Grand Marshals Billy Salter and Kathy Hewett greet the crowd from a Jeep. (Photo by Lisa Aciukewicz)

This year’s parade grand marshals, Kathy Hewett and Billy Salter of Elm Street, waved to onlookers from the back of a white Jeep owned and driven by Kim Manning. Hewett is a longtime member of Harvard Pro Musica, a choral group, and served as its president. She is active in the Garden Club and a force behind its annual plant sale. Billy Salter has served on various committees and task forces concerned with town center issues, and he was a driver of the development of the town center sewer system. “He is also a frequent voice at Town Meeting and in letters to the Press,” noted master of ceremonies Julian Iverson in his introduction. “Although he may be more visible and vocal, most people agree that Kathy gets more done,” he quipped.

Hewett and Salter were followed by Bruce and Ellen Leicher, Harvard’s 2020 Citizens of Note, seated in a fire-engine red 2003 Ford Mustang convertible provided for the occasion by Mark Fermanian of Gervais Ford and driven by Peter Hentz. The couple was recognized by the Select Board at May’s Town Meeting for their many contributions to the town.

The parade came to a close as a line of fire engines, their ear-piercing sirens and horns braying, made their way from the crest of Ayer Road by Town Hall through the four-way intersection at the General Store. Last in line was a 1995 Smeal Spartan 75-foot ladder truck originally from the Totowa, New Jersey, volunteer fire department, driven by Alex Luther of Pepperell. As the final engine passed police Sgt. James Babu, who had kept traffic and pedestrians separated during the half-hour event, the crowd fell in behind and made its way down Mass. Ave. for opening ceremonies at the library.

Let the games begin

There, at noon, Rachel Molnar, a 2021 Bromfield graduate, stepped to a microphone on the steps of the town library to sing the national anthem, a cappella, as a pair of Boy Scouts raised a flag to mark the event while the honor guard stood at attention nearby. At the midfield Lions Club food pavilion, a line of hungry attendees already stretched halfway across the field. After brief remarks by Iverson and committee chair Hentz, it was time for the games to begin. As kids attempted the greased pole, ate pies, scrambled for candy, or took part in a sack-race or water game, the crowd was serenaded by the Rafters, Miki and Dave Fitzgibbons of Lovers Lane, accompanied by keyboardist Greg Compagnone.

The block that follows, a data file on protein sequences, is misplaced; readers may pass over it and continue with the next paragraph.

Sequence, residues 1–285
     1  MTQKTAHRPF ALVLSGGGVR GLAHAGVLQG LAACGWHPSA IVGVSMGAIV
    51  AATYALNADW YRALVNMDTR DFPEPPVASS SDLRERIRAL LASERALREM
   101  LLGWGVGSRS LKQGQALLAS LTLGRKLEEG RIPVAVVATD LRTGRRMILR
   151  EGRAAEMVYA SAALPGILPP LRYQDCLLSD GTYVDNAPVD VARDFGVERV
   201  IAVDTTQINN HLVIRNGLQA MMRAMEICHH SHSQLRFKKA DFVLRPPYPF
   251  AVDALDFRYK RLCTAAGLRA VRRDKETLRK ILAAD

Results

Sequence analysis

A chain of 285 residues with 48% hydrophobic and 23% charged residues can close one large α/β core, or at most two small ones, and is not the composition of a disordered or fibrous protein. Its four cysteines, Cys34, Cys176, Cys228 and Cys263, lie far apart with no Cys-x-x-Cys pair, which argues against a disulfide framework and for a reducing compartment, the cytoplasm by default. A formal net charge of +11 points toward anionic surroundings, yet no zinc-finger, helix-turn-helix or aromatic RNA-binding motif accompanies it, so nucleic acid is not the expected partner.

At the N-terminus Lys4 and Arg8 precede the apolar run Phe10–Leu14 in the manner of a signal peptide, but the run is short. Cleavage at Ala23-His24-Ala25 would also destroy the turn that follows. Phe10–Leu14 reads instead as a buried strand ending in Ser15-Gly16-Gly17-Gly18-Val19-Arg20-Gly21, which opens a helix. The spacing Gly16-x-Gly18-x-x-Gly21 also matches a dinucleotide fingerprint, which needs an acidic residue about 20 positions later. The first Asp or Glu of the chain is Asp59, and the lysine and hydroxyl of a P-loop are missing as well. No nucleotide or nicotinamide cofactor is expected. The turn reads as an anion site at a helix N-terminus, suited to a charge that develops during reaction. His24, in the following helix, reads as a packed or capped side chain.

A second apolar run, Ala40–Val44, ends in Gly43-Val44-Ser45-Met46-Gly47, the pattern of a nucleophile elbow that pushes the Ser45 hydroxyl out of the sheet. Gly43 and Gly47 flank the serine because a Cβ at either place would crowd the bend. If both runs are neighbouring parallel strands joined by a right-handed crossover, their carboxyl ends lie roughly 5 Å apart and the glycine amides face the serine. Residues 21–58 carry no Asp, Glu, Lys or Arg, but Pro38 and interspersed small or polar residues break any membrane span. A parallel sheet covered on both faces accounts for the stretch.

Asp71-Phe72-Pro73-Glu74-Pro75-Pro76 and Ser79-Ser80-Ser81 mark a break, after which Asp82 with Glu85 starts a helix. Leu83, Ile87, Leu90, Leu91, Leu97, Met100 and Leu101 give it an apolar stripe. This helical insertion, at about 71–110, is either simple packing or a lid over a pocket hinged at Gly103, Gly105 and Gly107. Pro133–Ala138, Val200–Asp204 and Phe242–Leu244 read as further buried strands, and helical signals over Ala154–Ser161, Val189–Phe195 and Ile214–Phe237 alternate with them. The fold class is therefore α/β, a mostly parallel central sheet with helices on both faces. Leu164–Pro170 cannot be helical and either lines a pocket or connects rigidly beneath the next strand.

Ethan Lackner and Morgan Holt try to get the ball out of their territory in a game of water polo. (Photo by Lisa Aciukewicz)

By 2:30 p.m. the games and races were done and the field was emptying. Dylan and Pete’s ice cream truck had sold out its most popular items, and the Lions Club was packing up. There was one reported mishap: John Iverson, father of Julian and field events co-coordinator, fell and broke his clavicle while taking part in an afternoon relay.

Hentz said this year’s parade and events cost roughly $6,000. The committee had money in its account and raised somewhat less than $1,000 from sponsors, enough to cover expenses. Harvard’s Fourth of July is self-funded and receives no money from the town, Hentz noted. The best way to support the committee is through the purchase of a T-shirt or a leather-handled tote bag, a new item that Hentz says has been popular. These and other items were on display at the committee’s booth, and may be purchased at the committee’s website throughout the year. “And we’re always looking for volunteers to join our committee,” she added.